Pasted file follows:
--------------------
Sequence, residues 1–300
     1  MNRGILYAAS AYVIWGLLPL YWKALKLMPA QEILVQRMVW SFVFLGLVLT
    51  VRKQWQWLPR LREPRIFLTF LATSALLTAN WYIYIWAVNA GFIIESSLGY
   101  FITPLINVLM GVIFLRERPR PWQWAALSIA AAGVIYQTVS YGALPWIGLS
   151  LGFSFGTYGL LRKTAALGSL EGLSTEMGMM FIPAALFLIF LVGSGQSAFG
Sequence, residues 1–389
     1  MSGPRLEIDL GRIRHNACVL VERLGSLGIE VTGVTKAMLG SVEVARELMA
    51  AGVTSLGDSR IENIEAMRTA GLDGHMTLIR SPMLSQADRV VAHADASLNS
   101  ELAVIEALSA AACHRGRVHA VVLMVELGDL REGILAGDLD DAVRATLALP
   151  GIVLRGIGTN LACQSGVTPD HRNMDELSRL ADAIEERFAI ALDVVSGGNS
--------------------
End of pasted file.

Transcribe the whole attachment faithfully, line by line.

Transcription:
Sequence, residues 1–300
     1  MNRGILYAAS AYVIWGLLPL YWKALKLMPA QEILVQRMVW SFVFLGLVLT
    51  VRKQWQWLPR LREPRIFLTF LATSALLTAN WYIYIWAVNA GFIIESSLGY
   101  FITPLINVLM GVIFLRERPR PWQWAALSIA AAGVIYQTVS YGALPWIGLS
   151  LGFSFGTYGL LRKTAALGSL EGLSTEMGMM FIPAALFLIF LVGSGQSAFG
Sequence, residues 1–389
     1  MSGPRLEIDL GRIRHNACVL VERLGSLGIE VTGVTKAMLG SVEVARELMA
    51  AGVTSLGDSR IENIEAMRTA GLDGHMTLIR SPMLSQADRV VAHADASLNS
   101  ELAVIEALSA AACHRGRVHA VVLMVELGDL REGILAGDLD DAVRATLALP
   151  GIVLRGIGTN LACQSGVTPD HRNMDELSRL ADAIEERFAI ALDVVSGGNS